Tiny yet ferocious, the Ruby-throat weighs less than a nickel and can fly nonstop across the Gulf of Mexico.

It's easy to mistake a Ruby-throated Hummingbird for a bee at first glance. Their wings beat 60 to 80 times a second, and like the Mangrove Hummingbird and other hummingbird species, become a blur of motion.

This is the only breeding hummingbird in eastern North America, familiar to many as a backyard visitor. But even those familiar with the bird are often unaware of a threat to the species lurking in every home on the East Coast.

Windows: Major Bird Killer

Ruby-throats are frequent victims of collisions with man-made structures such as towers, turbines, and glass windows, particularly during their yearly migrations to and from Central America.

Birds don't see glass as we do. They are often enticed by the reflection of trees and sky, then hit windows at great speed. Frequently, Ruby-throated Hummingbirds and other birds—up to one billion each year in the United States—die as a result.

Stopping the Shock of Bird Strikes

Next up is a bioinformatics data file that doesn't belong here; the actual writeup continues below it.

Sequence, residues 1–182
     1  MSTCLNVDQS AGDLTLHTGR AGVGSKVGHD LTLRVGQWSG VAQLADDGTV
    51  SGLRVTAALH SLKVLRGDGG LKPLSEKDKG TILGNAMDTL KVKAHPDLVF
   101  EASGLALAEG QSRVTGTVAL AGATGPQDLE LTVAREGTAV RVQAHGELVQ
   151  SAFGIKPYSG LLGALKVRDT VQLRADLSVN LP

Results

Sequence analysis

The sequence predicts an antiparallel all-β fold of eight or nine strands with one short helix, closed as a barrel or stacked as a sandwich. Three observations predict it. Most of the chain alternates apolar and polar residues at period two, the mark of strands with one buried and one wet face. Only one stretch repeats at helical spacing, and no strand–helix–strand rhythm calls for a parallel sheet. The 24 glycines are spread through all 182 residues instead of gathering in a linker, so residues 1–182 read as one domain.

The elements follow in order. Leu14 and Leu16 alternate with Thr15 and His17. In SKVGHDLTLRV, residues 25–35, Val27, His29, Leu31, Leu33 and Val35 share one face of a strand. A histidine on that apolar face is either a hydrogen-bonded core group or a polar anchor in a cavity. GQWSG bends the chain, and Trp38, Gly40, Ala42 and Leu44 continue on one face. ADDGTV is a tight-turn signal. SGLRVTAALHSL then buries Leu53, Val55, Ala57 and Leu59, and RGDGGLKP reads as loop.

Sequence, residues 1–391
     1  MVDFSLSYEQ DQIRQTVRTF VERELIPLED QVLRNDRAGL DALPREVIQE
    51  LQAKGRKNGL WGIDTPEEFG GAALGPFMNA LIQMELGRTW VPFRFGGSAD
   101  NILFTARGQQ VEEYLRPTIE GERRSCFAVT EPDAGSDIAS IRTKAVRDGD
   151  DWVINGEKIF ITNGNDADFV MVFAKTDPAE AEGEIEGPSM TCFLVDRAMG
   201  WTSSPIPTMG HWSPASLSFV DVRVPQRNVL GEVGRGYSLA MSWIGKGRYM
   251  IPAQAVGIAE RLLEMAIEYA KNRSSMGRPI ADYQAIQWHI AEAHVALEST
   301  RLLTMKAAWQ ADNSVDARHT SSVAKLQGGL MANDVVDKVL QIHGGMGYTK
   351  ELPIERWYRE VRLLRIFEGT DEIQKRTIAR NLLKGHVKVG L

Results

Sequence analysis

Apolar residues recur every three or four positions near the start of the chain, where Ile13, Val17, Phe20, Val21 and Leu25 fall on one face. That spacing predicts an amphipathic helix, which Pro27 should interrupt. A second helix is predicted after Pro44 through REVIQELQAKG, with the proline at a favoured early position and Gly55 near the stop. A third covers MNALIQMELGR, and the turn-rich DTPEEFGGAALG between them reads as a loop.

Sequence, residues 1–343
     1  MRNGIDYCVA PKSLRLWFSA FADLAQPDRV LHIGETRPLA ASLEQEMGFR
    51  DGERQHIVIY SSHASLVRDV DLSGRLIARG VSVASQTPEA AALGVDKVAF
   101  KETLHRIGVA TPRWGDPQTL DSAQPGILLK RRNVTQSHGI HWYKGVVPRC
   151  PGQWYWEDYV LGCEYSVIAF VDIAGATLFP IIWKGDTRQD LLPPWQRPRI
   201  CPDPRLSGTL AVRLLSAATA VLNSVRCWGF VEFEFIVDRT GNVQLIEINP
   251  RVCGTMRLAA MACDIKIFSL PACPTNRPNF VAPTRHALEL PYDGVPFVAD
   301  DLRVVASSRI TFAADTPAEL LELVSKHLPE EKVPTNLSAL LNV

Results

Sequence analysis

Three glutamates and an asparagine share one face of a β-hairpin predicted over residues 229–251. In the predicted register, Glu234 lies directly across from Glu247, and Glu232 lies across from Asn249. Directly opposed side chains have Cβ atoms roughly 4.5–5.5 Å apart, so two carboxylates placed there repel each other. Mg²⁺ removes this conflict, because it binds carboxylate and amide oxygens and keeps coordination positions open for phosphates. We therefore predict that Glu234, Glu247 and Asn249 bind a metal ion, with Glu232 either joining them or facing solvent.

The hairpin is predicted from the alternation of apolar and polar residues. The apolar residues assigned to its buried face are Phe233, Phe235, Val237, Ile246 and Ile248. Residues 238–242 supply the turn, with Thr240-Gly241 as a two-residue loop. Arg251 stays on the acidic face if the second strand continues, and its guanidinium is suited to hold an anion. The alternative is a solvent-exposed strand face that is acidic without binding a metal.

Our Glass Collisions Program is focused entirely on advancing solutions that prevent birds from hitting windows.

One solution is ABC BirdTape, a long-lasting, inexpensive product that can be easily applied to home windows. Another is the development of glass designed so that birds like the ruby-throat can see and avoid the danger.

Coffee Bird

Ruby-throated Hummingbirds migrate as far as Central America, where they can be found wintering on shade coffee farms. Unlike today's typical “sun” coffee farm, which razes all trees but the coffee itself, these traditional farms grow coffee in the shade of native trees. By doing so, they produce superior coffee and provide habitat for dozens of migratory songbirds.

The importance of shade coffee for migratory birds was confirmed by naturalists Kenn and Kim Kaufman, who estimated that a single shade coffee farm in Nicaragua sheltered more than 1,200 migratory bird species—including the Ruby-throated Hummingbird—on just 90 acres.